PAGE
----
The Animal and Plant Health Inspection Service (APHIS) of the United States Department of Agriculture (USDA) has published a notice and comment request for stakeholders to provide their thoughts and concerns regarding potential changes to the federal regulatory program for the non-native fungal pathogen Chrysanthemum White Rust (CWR; Puccinia horiana
). The disease is currently treated as a regulated and quarantine pest. This allows federal officials to restrict where chrysanthemum cut flowers and cuttings can be imported from, reject shipments if the disease is detected at U.S. ports of entry, and pursue eradication measures if it is found domestically. However, CWR has shown itself to be difficult to manage with localized outbreaks occurring since the late 1970s in various parts of the U.S. Following the comment period (closes on Oct. 2nd) APHIS will choose one of the four following options:
- Maintain the current status of CWR as a regulated and quarantine pest.
- Change the status to a regulated non-quarantine pest. This approach would support the creation of a certification program to reduce the risk of producers and distributors from spreading CWR but would prevent federal officials from responding to domestic outbreaks.
- Largely de-regulate the disease, no longer preventing its importation on chrysanthemum plants or pursuing eradication measures. However, states that have shown that they are CWR free and develop an official control plan can request that APHIS continue to regulate the disease at U.S. ports of entry if the state listed as the final destination of the shipment.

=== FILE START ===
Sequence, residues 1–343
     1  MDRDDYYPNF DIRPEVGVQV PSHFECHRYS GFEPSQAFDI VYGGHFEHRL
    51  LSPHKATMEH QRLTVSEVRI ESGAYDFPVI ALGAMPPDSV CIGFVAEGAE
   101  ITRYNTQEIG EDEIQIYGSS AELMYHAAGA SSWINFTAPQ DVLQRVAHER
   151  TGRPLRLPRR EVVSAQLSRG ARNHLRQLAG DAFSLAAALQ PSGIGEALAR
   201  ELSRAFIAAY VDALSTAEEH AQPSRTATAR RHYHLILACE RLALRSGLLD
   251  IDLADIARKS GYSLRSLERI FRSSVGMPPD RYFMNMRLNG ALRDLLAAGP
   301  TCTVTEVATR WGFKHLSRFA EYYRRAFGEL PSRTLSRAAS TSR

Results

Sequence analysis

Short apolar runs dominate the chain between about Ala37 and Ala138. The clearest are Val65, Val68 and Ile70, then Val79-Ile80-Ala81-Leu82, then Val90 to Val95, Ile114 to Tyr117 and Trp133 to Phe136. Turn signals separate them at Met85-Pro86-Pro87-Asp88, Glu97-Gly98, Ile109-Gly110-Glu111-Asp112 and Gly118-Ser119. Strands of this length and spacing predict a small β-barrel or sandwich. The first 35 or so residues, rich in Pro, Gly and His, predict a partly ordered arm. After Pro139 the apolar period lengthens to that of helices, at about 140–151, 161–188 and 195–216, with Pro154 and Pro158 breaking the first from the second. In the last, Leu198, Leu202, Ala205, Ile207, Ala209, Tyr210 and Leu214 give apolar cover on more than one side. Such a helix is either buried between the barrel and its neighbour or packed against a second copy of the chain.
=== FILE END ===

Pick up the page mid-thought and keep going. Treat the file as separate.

- Completely de-regulate the pest, committing to no federal action and allowing propagators, growers, and distributors to treat it as a quality pest.
CWR was known only from Japan and China until the 1960s when it was believed to have spread to South Africa and Europe, and eventually made its way to South America and the United States. The disease primarily infects the leaves but can also be found on stems and flowers under severe infections. Sunken pustules develop on infected leaves which can eventually wilt and dry. CWR spreads predominately by rain splash but spores can travel upwards of 700 meters under extremely high humidity conditions (90% or greater relative humidity) and strong winds.
To view the notice and instructions for comment, click here